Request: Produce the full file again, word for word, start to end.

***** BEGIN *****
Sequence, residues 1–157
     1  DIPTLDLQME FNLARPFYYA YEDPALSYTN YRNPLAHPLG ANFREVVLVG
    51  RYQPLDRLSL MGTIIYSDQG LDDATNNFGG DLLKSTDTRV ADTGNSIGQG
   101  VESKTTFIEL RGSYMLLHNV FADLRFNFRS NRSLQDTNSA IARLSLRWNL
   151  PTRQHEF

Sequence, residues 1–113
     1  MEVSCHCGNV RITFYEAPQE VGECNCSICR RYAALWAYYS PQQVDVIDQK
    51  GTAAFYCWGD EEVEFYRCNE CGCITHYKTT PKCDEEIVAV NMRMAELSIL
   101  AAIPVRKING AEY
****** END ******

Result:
Sequence, residues 1–157
     1  DIPTLDLQME FNLARPFYYA YEDPALSYTN YRNPLAHPLG ANFREVVLVG
    51  RYQPLDRLSL MGTIIYSDQG LDDATNNFGG DLLKSTDTRV ADTGNSIGQG
   101  VESKTTFIEL RGSYMLLHNV FADLRFNFRS NRSLQDTNSA IARLSLRWNL
   151  PTRQHEF

Sequence, residues 1–113
     1  MEVSCHCGNV RITFYEAPQE VGECNCSICR RYAALWAYYS PQQVDVIDQK
    51  GTAAFYCWGD EEVEFYRCNE CGCITHYKTT PKCDEEIVAV NMRMAELSIL
   101  AAIPVRKING AEY